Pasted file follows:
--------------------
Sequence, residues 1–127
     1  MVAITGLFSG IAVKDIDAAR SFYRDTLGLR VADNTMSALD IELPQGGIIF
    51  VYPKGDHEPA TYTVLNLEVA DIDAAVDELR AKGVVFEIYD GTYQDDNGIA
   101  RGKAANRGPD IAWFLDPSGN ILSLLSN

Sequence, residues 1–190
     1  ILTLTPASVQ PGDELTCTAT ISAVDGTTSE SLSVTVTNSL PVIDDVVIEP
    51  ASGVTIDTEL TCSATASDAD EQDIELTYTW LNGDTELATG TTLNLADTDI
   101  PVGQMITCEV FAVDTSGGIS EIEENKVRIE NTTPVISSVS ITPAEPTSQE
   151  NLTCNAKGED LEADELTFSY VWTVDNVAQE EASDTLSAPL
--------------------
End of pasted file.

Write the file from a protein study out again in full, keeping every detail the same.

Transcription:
Sequence, residues 1–127
     1  MVAITGLFSG IAVKDIDAAR SFYRDTLGLR VADNTMSALD IELPQGGIIF
    51  VYPKGDHEPA TYTVLNLEVA DIDAAVDELR AKGVVFEIYD GTYQDDNGIA
   101  RGKAANRGPD IAWFLDPSGN ILSLLSN

Sequence, residues 1–190
     1  ILTLTPASVQ PGDELTCTAT ISAVDGTTSE SLSVTVTNSL PVIDDVVIEP
    51  ASGVTIDTEL TCSATASDAD EQDIELTYTW LNGDTELATG TTLNLADTDI
   101  PVGQMITCEV FAVDTSGGIS EIEENKVRIE NTTPVISSVS ITPAEPTSQE
   151  NLTCNAKGED LEADELTFSY VWTVDNVAQE EASDTLSAPL